The 4 Most Important Terms When Settling a Lawsuit for Your Business
This post explains the 4 most important terms you need to include in a settlement agreement when resolving any kind of dispute for your business.
If you own or manage a business, it’s almost inevitable that, sooner or later, you will need to deal with some sort of dispute. The dispute could be any type – a complaint, a dispute through the Better Business Bureau, or legal action like a lawsuit, arbitration, or mediation. The dispute could also be with any number of persons your business interacts with – employees, managers, or partners, or outside parties like customers, vendors, or competitors.
No matter what type of dispute it is (though especially if it is a lawsuit or other legal proceeding), and no matter who the dispute is with, one thing is for certain: when it's settled, you want it to be settled for good.
Our firm handles business disputes of all types on a daily basis. Most commonly these involve lawsuits or arbitration, though we handle any type of dispute, large or small. When we settle any case, we get it in writing, in a formal settlement agreement, signed by each of the parties to the dispute. Each case is different, but there are 4 clauses in every single settlement agreement that we always include. Failing to do so could create more problems for the client afterwards. This post explains what those 4 clauses are.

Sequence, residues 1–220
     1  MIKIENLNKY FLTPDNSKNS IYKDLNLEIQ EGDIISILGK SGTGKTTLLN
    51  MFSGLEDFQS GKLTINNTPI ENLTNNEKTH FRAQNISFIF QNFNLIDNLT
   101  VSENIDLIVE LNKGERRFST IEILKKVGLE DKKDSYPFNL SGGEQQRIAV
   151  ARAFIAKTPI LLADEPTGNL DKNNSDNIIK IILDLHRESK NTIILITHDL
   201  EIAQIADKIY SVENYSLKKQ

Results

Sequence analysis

1. Release of All Claims
First, every settlement agreement needs a release of claims. This includes all claims, known or unknown, whether or not related to the dispute at issue, that are or could have been brought by either party. The last thing you want is to settle a case with a hostile party and for them to file another lawsuit or send another demand letter to you as soon as you think the original issue is resolved.
When our office drafts a settlement agreement for our clients, we require the other side to agree to release any type of claim they might have against our client, even if it is something the other side does not know about until after the settlement agreement is signed. The law permits even unknown claims to be released so that if in a year from now, the other side discovers something happened that they want to sue you for (again), they cannot. The point of a settlement agreement is finality, so an adverse party needs to be prohibited from continuing to peck at your business with new claims.
2. Integration Clause
An “integration clause” is a term of the settlement agreement that says there are no other agreements between the parties. The integration clause states that the only agreement the parties have is contained in the settlement agreement itself and that no other phone calls, emails, text messages, or other communications may be considered to be part of the settlement. By including an integration clause, you avoid the chance that a stray word in an email prior to the settlement would have any legal effect.